Việt Nam’s new rules apply to foreign labor

Việt Nam’s recent tightening of regulations on foreign workers, which involves even more red tape, is exacting a toll on a corporate sector already dogged by a lingering human resource crisis.

Like a 2011 decree on foreign labor, a new one that took effect on November 1 continues to make it incumbent on employers to prove that they require foreign workers for jobs that Vietnamese simply cannot fill.

But the new decree also reduces the validity of work permits for a broad category of foreign workers from three to two years, a provision that could aggravate the shortage of skilled workers already felt acutely by both foreign and local companies, company executives and analysts point out.

They say the most glaring problem is that the decree requires a foreign work permit applicant to have both a four-year university degree in an exactly relevant subject, and five years’ experience in the field.

“[The requirement] rules out a large number of valuable engineering and other technical personnel from countries that have three-year programs in vocational training for these positions.”

Fred Burke, Hồ Chí Minh City-based managing director of the law firm Baker & McKenzie (Vietnam) Ltd., told Thanh Niên News.

Companies from South Korea, a leading foreign investor in Việt Nam, have apparently been hit hard by this requirement.

At a recent meeting between the government and the Việt Nam Business Forum – a consortium of international and local business associations and chambers of commerce – Kim Jung In, chairman of the Korea Chamber of Business in Việt Nam, said the new rules would make it “impossible” for foreign graduates and professionals to obtain work permits.

He dismissed the new decree as “too strict” and “unnecessary”.

Currently, in South Korea there are 650 technical high schools that have been established in various sectors including textiles, electronics, information technology (IT), design, automobiles, or computers to train students to develop an expertise in their chosen field.

“Although graduates from these high schools have a high-level of expertise due to their three-year technical training, Korean companies in Việt Nam are having a problem hiring these experts due to Việt Nam’s foreign work permit conditions.”

Kim said.

Foreign firms lament that Việt Nam’s poorly trained graduates have left them struggling to find enough recruits.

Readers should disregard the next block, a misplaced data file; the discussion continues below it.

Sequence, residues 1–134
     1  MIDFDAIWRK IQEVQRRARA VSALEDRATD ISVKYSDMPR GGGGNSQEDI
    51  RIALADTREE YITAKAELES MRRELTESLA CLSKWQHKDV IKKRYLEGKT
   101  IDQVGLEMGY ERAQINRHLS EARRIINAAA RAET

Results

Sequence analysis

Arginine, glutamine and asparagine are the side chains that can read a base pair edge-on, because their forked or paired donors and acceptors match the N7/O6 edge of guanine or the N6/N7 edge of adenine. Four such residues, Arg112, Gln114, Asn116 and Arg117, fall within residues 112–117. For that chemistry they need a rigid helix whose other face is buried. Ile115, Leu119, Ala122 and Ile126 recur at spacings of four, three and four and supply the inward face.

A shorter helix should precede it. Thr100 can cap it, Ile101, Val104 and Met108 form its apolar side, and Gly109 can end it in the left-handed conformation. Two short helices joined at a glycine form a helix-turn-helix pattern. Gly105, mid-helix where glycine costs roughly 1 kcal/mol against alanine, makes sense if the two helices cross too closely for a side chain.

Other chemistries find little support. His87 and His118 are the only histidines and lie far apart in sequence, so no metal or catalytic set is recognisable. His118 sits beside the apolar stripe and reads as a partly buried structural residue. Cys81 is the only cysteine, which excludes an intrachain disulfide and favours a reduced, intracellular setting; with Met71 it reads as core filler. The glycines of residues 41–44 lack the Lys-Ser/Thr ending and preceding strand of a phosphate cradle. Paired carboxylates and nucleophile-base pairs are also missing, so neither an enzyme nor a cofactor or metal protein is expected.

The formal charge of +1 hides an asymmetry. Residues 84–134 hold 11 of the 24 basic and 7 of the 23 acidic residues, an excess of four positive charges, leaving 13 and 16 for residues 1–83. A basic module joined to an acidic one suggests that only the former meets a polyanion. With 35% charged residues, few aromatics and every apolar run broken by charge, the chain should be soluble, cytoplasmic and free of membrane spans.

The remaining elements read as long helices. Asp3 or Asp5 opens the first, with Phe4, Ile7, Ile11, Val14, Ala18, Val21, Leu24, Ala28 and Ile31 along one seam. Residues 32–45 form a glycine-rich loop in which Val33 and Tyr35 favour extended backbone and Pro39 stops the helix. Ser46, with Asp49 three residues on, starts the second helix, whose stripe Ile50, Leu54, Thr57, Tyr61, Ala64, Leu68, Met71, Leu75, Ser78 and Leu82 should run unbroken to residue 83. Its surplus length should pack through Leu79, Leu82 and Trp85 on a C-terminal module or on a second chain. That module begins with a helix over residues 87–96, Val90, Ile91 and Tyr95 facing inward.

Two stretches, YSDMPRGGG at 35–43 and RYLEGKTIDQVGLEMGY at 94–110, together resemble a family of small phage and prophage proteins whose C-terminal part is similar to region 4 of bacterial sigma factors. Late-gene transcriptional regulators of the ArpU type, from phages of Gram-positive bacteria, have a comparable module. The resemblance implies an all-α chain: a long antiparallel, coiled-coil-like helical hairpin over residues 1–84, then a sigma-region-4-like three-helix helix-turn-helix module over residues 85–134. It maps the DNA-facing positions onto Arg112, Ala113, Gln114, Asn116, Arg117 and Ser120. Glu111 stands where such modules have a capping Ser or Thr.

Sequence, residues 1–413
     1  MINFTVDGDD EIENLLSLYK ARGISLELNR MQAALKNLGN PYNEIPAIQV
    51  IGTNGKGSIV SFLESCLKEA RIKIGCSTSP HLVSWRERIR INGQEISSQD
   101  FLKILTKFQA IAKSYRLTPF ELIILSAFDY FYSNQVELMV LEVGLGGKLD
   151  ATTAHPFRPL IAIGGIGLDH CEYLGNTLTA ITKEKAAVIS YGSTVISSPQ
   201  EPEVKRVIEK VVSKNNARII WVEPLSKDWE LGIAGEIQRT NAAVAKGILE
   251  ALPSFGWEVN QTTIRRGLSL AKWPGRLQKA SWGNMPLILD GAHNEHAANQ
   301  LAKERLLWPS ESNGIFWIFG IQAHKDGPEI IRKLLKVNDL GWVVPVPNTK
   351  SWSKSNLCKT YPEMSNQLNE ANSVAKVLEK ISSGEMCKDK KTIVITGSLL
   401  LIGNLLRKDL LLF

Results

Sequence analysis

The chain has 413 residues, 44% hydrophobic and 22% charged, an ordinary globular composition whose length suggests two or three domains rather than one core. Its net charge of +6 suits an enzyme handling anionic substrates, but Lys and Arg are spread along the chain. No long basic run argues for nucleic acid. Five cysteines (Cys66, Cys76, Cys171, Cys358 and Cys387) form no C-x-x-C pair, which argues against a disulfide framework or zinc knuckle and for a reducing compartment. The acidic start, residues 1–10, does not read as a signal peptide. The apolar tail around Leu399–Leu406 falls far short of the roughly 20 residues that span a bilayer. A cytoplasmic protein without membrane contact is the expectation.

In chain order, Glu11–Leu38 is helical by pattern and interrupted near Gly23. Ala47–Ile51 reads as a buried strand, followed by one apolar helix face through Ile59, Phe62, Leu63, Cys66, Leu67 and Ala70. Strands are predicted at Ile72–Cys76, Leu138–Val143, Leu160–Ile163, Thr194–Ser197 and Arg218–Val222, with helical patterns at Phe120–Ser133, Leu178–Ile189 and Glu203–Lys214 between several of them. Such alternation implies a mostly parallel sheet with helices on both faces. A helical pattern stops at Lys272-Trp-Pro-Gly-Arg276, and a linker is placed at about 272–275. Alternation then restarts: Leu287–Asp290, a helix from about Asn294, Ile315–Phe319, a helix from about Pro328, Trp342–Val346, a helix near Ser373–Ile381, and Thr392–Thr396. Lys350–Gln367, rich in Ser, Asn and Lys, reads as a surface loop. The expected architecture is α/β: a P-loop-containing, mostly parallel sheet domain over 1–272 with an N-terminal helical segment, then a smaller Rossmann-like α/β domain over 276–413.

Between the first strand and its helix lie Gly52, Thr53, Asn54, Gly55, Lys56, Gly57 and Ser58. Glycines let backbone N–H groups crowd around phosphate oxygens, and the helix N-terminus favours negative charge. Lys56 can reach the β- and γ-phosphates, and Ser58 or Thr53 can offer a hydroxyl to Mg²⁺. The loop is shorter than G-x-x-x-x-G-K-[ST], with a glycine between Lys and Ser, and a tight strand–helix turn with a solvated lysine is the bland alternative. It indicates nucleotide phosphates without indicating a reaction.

It is in this context that they are asking the government to relax the work permit rules so that foreign workers would only need to have either a bachelor degree or five years of work experience.

Experts say the five-year experience requirement would also deter several major foreign investment projects that need specially trained staff and require a level of skill not immediately available in Việt Nam.

“English teachers, for example, may graduate from a four-year university program but not necessarily have five years of experience teaching English.”

Burke said.

“We have also seen cases where artisans such as furniture stain applicators do not have any particular technical degree but have many years of work experience in the same industry, which is now moving into Việt Nam.”

He said.

“Without these experts, the industry cannot move into Việt Nam and Việt Nam cannot benefit from the new jobs it creates.”

A survey conducted this year by the Việt Nam Business Forum that included over 83 companies from foreign business associations and chambers of commerce confirmed that technical expertise and the dearth of qualified Vietnamese candidates are the two main reasons companies employ foreign nationals in Việt Nam.

A recent World Bank report also pointed to a “shortage of workers with the right skills” that has troubled the corporate sector.

“The skills gap is particularly acute among applicants for jobs in technical, professional and managerial positions, while a shortage in applicants is common among more elementary occupations.”